New Zealand Food and Culture

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Food and culture in New Zealand

New Zealand Foods | Domestic Life | Foods Commonly Used | Meals, Customs and Special Occasions | New Zealand Foods Glossary


It is almost as though it were the last place created. Carefully arranged on two main islands it seems that nature's awesome constructions display themselves solely for the delight of humans. Here is everything: snow-tipped mountains piercing the clouds, emerald green pastures dotted with sheep, glacial lakes spilling into waterfalls, and sunny beaches splashed with blue waters. Small scrubbed cities nestled into hillsides, a few bustling hustling cities where the main business gets done, and then miles and miles of peaceful but rugged natural beauty to calm the mind and quench the soul with serenity


But most of the world thinks of New Zealand as a faraway place where people drink tea at four and spend the rest of their time tending sheep. No doubt this is the image deliberately perpetuated by the 3.5 million New Zealanders who are fully aware of their good life, beautiful land, and benevolent climate.


If New Zealanders have a reputation for pride, it is for good reason. Although they cannot take credit for the beautiful land or benevolent climate, they can take credit for creating a society where pollution, poverty, malnutrition, racism, and unemployment are almost non-existent. This is not to say that life for New Zealanders was always idyllic. There had been friction between two peoples of such diverse philosophies: the Maoris and the English.


Well-preserved legends tell of the seven canoes in the Great Migration that brought the first Maoris in 1350 C.E. to the islands of New Zealand. They quickly disposed of a small population of simple people known today as the "moa-hunters"; those they favored they married, the others they ate. Surviving on the many indigenous birds and planting their own crops, the Maoris soon expanded into many powerful tribes.


Today most of the prominent Maori families trace their origin to these early adventurers who worked artistically with hone, stone, and wood, creating a highly developed culture that survived untouched for about 300 years. Then, in December 1642, the Dutch explorer Abel Janszoon Tasman arrived. His visit was brief. A skirmish resulting in the deaths of several of his men convinced him to return to sea. More than a hundred years later, in 1770, Captain James Cook carefully charted the coasts of both islands and the European influx began.

 

The first Europeans to create settlements were missionaries bent on saving souls and fishermen bent on hunting whales. The established Maori population did not take kindly
to all of this and sporadic fighting ensued. The Treaty of Waitangi in 1840 gave Great Britain sovereignty over the islands but guaranteed the Maoris' right to their lands. English colonization was slow, and occasional uprisings and disagreements between the European and native populations did little to encourage peaceful growth of the new nation. But a gold rush in 1865 brought a swell of immigrants who later settled into farming pursuits when the gold fever exhausted itself. Production of mutton and lamb quickly exceeded local needs and the introduction in 1882 of refrigerated ships gave impetus to the production of fresh meat, stimulating both the intensity of farming and the flow of immigrants.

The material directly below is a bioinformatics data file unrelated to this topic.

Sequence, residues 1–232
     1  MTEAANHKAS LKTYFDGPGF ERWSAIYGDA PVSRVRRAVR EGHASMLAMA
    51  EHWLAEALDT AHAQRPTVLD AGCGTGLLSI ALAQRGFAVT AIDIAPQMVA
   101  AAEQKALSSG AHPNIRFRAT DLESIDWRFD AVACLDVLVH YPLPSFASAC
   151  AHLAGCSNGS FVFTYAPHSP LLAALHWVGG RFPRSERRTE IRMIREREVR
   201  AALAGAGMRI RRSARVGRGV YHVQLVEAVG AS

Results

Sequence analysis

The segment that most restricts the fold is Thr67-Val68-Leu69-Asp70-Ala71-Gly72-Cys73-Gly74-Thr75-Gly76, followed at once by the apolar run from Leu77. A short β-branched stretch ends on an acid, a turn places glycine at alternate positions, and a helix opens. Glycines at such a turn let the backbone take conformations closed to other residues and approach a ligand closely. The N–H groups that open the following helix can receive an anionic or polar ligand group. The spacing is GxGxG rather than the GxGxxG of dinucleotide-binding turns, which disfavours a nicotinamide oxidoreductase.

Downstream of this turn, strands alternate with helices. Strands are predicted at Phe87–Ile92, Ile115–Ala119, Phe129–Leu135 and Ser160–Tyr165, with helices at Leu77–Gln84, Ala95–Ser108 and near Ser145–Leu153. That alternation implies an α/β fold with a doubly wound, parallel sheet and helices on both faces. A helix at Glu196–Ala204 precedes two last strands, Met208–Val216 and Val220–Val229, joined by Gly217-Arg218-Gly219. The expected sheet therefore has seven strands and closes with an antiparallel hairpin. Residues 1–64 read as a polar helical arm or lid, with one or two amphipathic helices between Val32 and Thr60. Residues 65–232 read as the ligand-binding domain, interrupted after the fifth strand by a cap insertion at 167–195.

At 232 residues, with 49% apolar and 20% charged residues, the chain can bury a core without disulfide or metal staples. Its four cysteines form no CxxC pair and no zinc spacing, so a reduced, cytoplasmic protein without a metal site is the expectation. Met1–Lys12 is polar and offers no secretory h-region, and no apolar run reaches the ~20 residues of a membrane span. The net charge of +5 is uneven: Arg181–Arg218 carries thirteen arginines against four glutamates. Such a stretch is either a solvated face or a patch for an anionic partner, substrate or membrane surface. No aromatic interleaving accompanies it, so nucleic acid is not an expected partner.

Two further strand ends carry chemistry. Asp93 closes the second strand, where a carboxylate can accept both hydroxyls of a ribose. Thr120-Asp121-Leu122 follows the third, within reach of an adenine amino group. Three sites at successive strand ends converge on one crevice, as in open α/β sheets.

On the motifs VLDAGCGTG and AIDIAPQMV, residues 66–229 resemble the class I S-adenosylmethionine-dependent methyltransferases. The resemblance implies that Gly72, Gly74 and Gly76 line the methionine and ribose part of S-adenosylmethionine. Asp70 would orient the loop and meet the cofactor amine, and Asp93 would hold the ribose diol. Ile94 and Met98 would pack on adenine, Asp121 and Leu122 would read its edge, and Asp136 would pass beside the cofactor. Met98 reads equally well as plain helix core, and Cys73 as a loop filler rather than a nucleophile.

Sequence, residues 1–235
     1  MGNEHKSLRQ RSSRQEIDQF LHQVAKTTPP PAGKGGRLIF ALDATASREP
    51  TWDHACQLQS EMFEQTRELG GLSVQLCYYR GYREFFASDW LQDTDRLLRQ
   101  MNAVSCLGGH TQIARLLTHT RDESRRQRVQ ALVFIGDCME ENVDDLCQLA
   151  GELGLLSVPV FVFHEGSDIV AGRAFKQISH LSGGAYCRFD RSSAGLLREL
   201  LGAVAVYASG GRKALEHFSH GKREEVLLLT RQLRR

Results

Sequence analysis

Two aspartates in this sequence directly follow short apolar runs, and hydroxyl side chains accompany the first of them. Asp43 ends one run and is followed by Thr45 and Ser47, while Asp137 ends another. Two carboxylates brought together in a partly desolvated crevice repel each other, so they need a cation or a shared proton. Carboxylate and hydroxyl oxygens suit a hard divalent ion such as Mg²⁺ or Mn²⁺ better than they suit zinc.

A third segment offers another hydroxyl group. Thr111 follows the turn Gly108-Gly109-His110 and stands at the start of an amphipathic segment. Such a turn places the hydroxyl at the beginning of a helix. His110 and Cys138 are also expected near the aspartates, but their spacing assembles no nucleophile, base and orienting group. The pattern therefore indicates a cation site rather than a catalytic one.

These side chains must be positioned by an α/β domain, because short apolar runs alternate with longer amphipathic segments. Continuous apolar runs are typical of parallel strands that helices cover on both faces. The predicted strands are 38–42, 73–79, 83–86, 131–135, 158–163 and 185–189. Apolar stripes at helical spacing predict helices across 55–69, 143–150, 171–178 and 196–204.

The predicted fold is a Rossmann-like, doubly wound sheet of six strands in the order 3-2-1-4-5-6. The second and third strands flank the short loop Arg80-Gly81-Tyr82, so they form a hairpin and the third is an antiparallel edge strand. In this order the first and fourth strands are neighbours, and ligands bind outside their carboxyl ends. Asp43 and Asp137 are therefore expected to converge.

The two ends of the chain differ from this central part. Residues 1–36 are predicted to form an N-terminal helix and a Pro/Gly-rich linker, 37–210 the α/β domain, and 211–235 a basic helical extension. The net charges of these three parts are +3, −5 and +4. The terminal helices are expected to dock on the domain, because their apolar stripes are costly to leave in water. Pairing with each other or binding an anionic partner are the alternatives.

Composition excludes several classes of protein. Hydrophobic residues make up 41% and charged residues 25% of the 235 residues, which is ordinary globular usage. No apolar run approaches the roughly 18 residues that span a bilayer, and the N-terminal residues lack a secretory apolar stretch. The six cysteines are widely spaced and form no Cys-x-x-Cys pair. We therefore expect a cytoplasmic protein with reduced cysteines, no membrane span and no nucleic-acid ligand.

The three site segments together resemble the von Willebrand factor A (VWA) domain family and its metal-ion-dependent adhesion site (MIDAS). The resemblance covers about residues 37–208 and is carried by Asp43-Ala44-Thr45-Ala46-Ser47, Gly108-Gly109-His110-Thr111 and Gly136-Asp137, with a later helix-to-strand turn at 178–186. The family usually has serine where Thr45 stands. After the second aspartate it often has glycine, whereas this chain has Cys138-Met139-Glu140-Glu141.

Light industries based on food and forest products, clothing and light machinery together with the small population probably account for New Zealand's lack of pollution problems. Although the sheep out-number the people by twenty to one, farming only absorbs about 12 percent of the population. At its worst, the unemployment level is usually less than most countries. Likely it is a combination of climate and agricultural efficiency that accounts for the abundance of meats and dairy products and a year-round selection of fruits and vegetables that places nourishing foods on every table.


That the easygoing nature of the Polynesian Maoris can exist side by side with the work-oriented English (or Pakehas as they are called in New Zealand) is a tribute to both peoples. About 88 percent of the Kiwis (New Zealanders) are of European descent, with about 9 percent of Polynesian Maori origin and the rest small groups of mixed descent. "Kiwi," by the way, does not derive from the fruit by that name, but rather from the native kiwi bird which is flightless. Although some Maoris have adapted themselves into the mainstream of New Zealand society and can be found working in all types of industries and professions, great inequalities still exist.


A phenomenon called musu is often apparent among the Maoris, as it is among other South Pacific and even African groups. It is characterized by a deadpan expression and monosyllabic speech and is said to be caused by a combination of fear, shame, and perhaps a sense of unjust accusation. The intervention of a trusted person who speaks the language will usually calm the afflicted Maori. Regarding all property as communal and seeing no wrong in "borrowing" something he desires is another Maori cultural trait that has frequently caused misunderstandings.


But in the fabric that has built the New Zealand nation, the interweaving of the Maori spirit of nature and the Pakehas' ethic of work and order over more than 150 years have combined to produce a proud and pioneering people in a fresh clean land of boundless beauty, in a climate that is never too hot and never too cold and where no one needs to pray for rain. Maoris, Europeans, and others have retained their cultural identities, enriching each other and in the process creating an exemplary country.